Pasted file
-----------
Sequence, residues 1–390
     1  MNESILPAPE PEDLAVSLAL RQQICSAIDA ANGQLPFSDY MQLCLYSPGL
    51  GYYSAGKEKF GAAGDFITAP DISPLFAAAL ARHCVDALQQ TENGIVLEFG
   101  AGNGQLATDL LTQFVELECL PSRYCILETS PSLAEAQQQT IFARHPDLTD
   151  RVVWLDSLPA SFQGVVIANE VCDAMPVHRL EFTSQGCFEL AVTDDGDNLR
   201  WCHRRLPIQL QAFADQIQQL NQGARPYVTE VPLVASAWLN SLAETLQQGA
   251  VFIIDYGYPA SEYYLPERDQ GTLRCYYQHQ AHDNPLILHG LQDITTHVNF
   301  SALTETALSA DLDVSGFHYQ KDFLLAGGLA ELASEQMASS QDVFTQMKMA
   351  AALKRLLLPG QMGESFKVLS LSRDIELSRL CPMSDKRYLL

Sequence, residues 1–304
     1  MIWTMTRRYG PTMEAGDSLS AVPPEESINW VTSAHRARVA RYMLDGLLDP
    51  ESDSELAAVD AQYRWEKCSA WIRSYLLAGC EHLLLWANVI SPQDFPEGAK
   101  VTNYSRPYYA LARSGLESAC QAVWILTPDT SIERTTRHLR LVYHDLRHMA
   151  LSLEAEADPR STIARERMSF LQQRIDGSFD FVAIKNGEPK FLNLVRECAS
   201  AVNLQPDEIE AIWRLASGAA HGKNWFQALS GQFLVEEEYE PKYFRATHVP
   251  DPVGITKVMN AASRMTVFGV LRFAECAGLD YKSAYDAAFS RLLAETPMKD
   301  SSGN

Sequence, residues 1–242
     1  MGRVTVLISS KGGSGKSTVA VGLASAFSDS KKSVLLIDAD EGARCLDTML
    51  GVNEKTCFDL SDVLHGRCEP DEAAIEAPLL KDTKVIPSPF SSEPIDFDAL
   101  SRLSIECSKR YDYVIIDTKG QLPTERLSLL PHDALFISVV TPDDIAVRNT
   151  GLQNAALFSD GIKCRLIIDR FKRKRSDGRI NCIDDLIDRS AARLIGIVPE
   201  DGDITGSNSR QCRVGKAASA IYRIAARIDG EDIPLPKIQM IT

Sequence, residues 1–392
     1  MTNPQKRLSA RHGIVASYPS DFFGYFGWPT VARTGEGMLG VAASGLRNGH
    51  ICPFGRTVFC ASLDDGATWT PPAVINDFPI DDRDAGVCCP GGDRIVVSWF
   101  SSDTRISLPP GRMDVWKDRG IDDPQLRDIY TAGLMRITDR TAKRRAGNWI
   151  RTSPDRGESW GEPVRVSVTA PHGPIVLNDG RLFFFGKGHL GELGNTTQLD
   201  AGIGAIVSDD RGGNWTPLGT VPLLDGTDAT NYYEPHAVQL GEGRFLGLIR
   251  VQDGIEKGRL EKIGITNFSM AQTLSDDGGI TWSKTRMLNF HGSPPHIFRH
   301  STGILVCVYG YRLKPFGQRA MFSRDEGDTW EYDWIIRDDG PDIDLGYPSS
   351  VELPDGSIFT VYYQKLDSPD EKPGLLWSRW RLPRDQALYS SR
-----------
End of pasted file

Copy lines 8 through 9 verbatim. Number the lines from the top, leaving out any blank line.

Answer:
   301  SALTETALSA DLDVSGFHYQ KDFLLAGGLA ELASEQMASS QDVFTQMKMA
   351  AALKRLLLPG QMGESFKVLS LSRDIELSRL CPMSDKRYLL